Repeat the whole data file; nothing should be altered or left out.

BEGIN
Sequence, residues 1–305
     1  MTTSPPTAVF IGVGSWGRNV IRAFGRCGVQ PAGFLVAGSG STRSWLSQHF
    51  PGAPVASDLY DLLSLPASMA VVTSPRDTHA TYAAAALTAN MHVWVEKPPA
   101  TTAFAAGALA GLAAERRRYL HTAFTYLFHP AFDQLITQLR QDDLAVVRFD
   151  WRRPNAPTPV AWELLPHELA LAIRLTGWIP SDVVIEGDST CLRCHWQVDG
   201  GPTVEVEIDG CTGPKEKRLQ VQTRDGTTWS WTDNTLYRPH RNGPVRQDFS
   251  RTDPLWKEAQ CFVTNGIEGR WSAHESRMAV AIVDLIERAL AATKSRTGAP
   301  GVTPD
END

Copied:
Sequence, residues 1–305
     1  MTTSPPTAVF IGVGSWGRNV IRAFGRCGVQ PAGFLVAGSG STRSWLSQHF
    51  PGAPVASDLY DLLSLPASMA VVTSPRDTHA TYAAAALTAN MHVWVEKPPA
   101  TTAFAAGALA GLAAERRRYL HTAFTYLFHP AFDQLITQLR QDDLAVVRFD
   151  WRRPNAPTPV AWELLPHELA LAIRLTGWIP SDVVIEGDST CLRCHWQVDG
   201  GPTVEVEIDG CTGPKEKRLQ VQTRDGTTWS WTDNTLYRPH RNGPVRQDFS
   251  RTDPLWKEAQ CFVTNGIEGR WSAHESRMAV AIVDLIERAL AATKSRTGAP
   301  GVTPD